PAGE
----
Legacy arsenic pollution in Yellowknife Bay sediments: An assessment of its long-term fate under a changing climate

Regions: North Slave Region

Tags: water quality, arsenic, climate change, metals, cumulative effects

Principal Investigator: Chételat, John (5)
Licence Number: 16366
Organization: Environment and Climate Change Canada
Licenced Year(s): 2019 2018
Issued: Jul 13, 2018
Project Team: Heather Jamieson (Principal Investigator, Queen's University), Jesse Vermaire (Principal Investigator, Carleton University), Reed Harris (Principal Investigator, Reed Harris Environmental), William Lines (Collaborator, Yellowknives Dene First Nation), Mike Palmer (Collaborator, Carleton University), Marc Amyot (Collaborator, Universite de Montreal), Nicolas Pelletier (Field Technician, Carleton University)

Objective(s): To assess the present-day and future stability of legacy arsenic contamination stored in Yellowknife Bay sediments that originated from local gold mining activities.

Project Description: This study will assess the present-day and future stability of legacy arsenic contamination stored in Yellowknife Bay sediments that originated from local gold mining activities. Using a combination of quantitative methods (field measurements, laboratory experiments, paleolimnology and mass balance modelling), the research team will estimate the diffusion of arsenic from sediments to overlying water in the bay, investigate environmental factors that control this process, and develop predictions of how long-term environmental change from climate warming during the 21st century could impact arsenic cycling and levels of water arsenic in Yellowknife Bay. This project will generate information for community organizations and decision makers who are involved in the environmental management of this important waterbody for residents of Ndilo, Detah, and Yellowknife.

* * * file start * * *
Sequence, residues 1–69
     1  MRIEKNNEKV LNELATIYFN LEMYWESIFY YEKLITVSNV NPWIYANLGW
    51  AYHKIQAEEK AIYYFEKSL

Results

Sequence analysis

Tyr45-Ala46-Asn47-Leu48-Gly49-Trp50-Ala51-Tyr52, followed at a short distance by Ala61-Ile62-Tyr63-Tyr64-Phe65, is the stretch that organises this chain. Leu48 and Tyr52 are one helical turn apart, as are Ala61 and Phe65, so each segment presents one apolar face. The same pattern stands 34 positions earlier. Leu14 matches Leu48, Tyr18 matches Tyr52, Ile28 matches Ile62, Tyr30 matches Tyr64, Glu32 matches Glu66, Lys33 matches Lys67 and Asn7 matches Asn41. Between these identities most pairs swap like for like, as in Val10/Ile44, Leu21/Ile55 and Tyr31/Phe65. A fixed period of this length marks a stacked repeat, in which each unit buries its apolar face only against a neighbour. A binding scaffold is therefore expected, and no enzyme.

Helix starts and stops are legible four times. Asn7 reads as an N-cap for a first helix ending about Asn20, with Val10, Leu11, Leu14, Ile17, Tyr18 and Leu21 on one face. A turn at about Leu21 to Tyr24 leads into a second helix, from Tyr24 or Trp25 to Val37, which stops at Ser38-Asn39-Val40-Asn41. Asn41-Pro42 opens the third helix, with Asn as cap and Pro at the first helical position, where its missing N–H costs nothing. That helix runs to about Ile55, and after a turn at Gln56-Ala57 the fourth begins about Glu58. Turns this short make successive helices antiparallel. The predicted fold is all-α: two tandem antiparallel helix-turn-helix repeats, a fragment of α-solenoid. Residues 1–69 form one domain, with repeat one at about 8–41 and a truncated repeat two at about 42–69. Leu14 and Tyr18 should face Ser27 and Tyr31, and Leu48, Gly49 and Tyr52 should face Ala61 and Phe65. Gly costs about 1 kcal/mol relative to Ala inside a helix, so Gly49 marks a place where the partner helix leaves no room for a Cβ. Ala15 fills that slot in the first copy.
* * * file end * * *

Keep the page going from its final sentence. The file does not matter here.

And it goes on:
To evaluate the long-term stability of arsenic contamination in Yellowknife Bay sediments and the potential for increased arsenic diffusion from sediments, the team will:
1) measure current levels of arsenic diffusion from sediment to overlying water;
2) characterize arsenic mineralogy in sediment to assess its origin and stability;
3) conduct lab experiments to estimate future rates of arsenic diffusion to overlying water due to environmental change (warmer temperature, reduced sediment oxygen);
4) characterize environmental change in Yellowknife Bay that has already occurred over the last century as a result of warming (using paleolimnology techniques); and
5) develop a model to predict changes in water arsenic concentrations of Yellowknife Bay during the 21st century.

The field-based components of this project will involve the collection of sediment cores for chemical measurements on sediment (solid-phase) and porewater, as well as the collection of surface water for chemical analysis.

The Yellowknives Dene First Nation (YKDFN) is concerned about the environmental impacts of arsenic pollution in Yellowknife Bay. The bay is a waterbody of cultural, subsistence and recreational importance for the two YKDFN communities located on its shores. Previous environmental research on Yellowknife Bay from 2013 to 2015 involved collaboration with the YKDFN and their specific concerns were incorporated into that study design. This new study has been developed in collaboration with YKDFN team members, who will be involved in the project design and implementation. A YKDFN guide will assist for boat-based sampling on Yellowknife Bay (summer of 2018 and 2019), and a YKDFN field assistant for the collection of environmental samples.

Government and community organizations were contacted to discuss the project proposal, and on-going communication will allow for opportunities to provide feedback during implementation of the study.

A project report will be prepared for the Northwest Territories Cumulative Impacts Monitoring Program (final report - April 2020) will be uploaded to the NWT Discovery Portal. Annual meetings with community organizations and decision makers in Yellowknife in the fall of 2018 and 2019. An oral will be presented annually at the Yellowknife Geoscience Forum (2018, 2019). Water chemistry data will be uploaded to the Mackenzie Datastream at the project end (2020). A technical report to communicate main findings at the end of the project (in 2020-21), distributed in an open-data format. An NWT Environmental Research Bulletin will be created to communicate plain-language results (2020).

The fieldwork for this study will be conducted from July 25, 2018 to August 20, 2018.